Detroit Red Wings: Another 'No Goal' Call Controversy at Joe Louis Arena

Matt Hutter@mahutter12Analyst INovember 28, 2009

VANCOUVER, CANADA - DECEMBER 17:  NHL Referee Brad Meier makes a pointing gesture during the NHL game between the Vancouver Canucks and the Edmonton Oilers at General Motors Place on December 17, 2005 in Vancouver, British Columbia, Canada.  The Oilers defeated the Canucks 5-4 in overtime. (Photo by Jeff Vinnick/Getty Images)
Jeff Vinnick/Getty Images

There were a lot of familiar things about Friday's game at Joe Louis Arena.

For the fifth time this season, the Detroit Red Wings gave up a goal less than one minute into the game.

For the eighth time this season, the Detroit Red Wings out-shot their opponent but lost the game.

For the second game in a row, the Detroit Red Wings were shut out.

And, for the second time in as many weeks, the Detroit Red Wings had a perfectly good goal denied by an NHL on-ice official.

All of these trends are disturbing, and all of these have contributed to what is now, officially, the Red Wings' worst start in 20 years.

However, its that last one that is just a bit more troubling than the others.

Playing poorly and beating yourselves is one thing.  That's actually something you can control.

But, the added pressure of having to not only score goals, but then hope that they count is something no team should have to endure.

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Nine nights ago, with the Wings facing the Dallas Stars at the Joe Louis Arena, referee Dennis LaRue decided that a goal by Red Wings forward Brad May was, in fact, not a goal. 

Ostensibly, he "intended" to blow the play dead though video review shows the puck clearly in the net for two-seconds prior to the whistle actually being blown.

The Red Wings were down 2-1 at the time.  Had the goal counted, the complexion of the game would have been dramatically changed.

On Friday night, the Detroit Red Wings are down by one goal to the visiting Calgary Flames and on the power play.

Detroit forward Dan Cleary tipped in a shot from the blue line from defenseman Brad Stuart.

A set play, perfectly executed.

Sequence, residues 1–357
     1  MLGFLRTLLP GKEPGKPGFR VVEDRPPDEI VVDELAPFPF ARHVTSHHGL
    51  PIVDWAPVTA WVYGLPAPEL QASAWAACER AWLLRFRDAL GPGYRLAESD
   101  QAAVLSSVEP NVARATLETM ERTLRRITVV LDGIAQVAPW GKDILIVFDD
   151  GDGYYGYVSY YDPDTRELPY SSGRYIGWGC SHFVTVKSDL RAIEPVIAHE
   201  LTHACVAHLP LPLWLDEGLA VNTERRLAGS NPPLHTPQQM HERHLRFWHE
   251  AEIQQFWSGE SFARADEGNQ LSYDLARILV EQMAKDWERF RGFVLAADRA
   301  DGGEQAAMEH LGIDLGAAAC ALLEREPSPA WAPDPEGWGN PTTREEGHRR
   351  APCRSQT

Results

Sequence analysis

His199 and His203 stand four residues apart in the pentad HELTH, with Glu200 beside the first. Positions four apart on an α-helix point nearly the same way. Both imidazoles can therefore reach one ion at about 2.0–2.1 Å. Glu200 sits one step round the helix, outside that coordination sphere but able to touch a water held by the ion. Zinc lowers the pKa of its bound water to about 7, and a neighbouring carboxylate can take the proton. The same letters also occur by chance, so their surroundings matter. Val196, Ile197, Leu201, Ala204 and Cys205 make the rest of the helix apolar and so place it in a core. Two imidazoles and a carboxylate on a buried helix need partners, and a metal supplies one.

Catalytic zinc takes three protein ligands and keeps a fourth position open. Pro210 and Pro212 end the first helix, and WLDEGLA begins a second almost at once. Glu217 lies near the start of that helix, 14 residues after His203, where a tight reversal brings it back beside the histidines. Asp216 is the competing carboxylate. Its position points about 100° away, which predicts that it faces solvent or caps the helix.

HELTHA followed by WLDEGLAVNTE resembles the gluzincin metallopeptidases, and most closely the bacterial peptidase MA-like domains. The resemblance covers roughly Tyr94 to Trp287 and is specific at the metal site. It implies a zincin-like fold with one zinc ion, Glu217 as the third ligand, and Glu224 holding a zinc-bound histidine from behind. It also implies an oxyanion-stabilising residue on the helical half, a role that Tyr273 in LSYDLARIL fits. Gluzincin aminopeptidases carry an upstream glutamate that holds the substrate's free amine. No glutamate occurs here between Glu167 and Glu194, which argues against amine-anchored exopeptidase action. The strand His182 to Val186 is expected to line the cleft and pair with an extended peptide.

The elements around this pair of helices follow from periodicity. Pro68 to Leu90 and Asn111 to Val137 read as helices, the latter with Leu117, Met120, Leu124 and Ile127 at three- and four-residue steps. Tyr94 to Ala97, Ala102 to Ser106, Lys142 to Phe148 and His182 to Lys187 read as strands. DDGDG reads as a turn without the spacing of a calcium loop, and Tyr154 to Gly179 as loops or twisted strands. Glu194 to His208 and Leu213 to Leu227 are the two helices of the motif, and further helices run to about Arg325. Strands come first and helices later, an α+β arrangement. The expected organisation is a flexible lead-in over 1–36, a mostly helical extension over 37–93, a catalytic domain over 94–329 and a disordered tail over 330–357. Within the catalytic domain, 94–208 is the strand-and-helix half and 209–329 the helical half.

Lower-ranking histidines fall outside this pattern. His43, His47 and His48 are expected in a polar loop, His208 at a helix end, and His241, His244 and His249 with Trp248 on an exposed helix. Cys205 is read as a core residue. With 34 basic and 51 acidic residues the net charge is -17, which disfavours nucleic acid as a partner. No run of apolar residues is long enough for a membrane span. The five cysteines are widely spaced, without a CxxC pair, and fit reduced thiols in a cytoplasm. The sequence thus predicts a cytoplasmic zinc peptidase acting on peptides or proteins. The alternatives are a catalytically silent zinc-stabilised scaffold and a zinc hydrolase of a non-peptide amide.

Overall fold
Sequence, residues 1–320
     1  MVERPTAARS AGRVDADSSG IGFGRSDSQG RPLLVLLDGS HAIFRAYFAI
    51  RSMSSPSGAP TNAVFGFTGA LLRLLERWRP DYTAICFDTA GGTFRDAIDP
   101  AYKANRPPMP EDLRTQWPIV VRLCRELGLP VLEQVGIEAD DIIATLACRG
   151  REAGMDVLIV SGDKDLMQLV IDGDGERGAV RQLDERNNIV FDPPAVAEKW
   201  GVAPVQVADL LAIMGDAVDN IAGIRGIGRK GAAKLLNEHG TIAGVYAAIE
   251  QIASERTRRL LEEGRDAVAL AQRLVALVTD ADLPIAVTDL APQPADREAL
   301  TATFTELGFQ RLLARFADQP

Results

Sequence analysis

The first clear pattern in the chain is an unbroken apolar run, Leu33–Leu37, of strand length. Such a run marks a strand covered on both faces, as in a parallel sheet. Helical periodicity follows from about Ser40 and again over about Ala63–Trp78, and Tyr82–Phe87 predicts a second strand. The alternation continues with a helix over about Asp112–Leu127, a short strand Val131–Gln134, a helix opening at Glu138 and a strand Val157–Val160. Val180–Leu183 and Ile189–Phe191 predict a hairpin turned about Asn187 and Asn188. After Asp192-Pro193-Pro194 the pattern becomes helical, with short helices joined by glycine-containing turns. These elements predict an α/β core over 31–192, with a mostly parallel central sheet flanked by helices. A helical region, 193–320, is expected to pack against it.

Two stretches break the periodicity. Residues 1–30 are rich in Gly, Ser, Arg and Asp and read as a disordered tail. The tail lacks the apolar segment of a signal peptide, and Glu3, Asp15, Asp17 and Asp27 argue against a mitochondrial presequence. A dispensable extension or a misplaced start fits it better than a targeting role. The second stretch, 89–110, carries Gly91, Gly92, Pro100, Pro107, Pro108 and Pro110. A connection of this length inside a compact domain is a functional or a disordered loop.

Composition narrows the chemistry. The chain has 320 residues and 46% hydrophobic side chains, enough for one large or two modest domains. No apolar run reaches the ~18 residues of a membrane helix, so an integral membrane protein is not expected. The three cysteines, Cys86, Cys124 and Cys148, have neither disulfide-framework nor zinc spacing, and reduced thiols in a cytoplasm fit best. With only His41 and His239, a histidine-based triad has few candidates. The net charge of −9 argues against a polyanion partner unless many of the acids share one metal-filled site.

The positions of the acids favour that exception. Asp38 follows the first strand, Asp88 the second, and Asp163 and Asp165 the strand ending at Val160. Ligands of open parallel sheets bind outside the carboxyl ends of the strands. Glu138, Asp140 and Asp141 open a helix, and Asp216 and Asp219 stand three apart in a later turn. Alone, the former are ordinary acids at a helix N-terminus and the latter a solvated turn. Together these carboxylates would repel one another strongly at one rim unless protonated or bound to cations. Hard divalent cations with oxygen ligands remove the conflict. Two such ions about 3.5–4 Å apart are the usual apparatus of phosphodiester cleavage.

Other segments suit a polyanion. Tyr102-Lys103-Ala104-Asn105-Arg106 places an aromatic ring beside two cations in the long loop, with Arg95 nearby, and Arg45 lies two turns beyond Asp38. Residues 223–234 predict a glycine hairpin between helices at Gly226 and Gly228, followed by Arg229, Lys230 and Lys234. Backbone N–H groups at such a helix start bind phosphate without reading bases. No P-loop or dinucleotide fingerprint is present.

However, referee Brad Meier immediately calls the goal back due to goalie interference.

Once again, upon viewing the replay, one does see Dan Cleary's heels in the crease and he is in close proximity to Calgary goaltender Miika Kiprusoff, but, there is no contact made and there appears to be no effort on Cleary's part to impede his progress.

Of course, these calls aren't allowed to be reviewed, so the referee has no responsibility to ensure that the call he made was the right one.

Still, even without video replay, it is perplexing to understand exactly what Meier saw as goalie interference.

Kiprusoff didn't fall.

Cleary didn't fall on him.

Kiprusoff wasn't stopped short of making a slide across to make the save (both players were stationary at the time).

Kiprusoff's reaction after the puck went in the net (which, in Detroit anyway is no longer synonymous with being a goal) was hardly one of outrage at being interfered with in the crease.

And, most importantly, there was no penalty called on the play .

If Meier truly felt Kiprusoff was being interfered with, it seems strange that he didn't affirm this ruling by calling a penalty on Cleary.

Goals have been scored (and allowed to count, which, in Detroit anyway should no longer be presupposed) under much more difficult circumstances with much more goalie contact than what was displayed here.

However, on this night, just like the one nine nights back, the Red Wings fell victim to what can only be one of two things: incompetent officiating or deliberate injustice.

I tend to believe the former to be true, however, either option is unacceptable.


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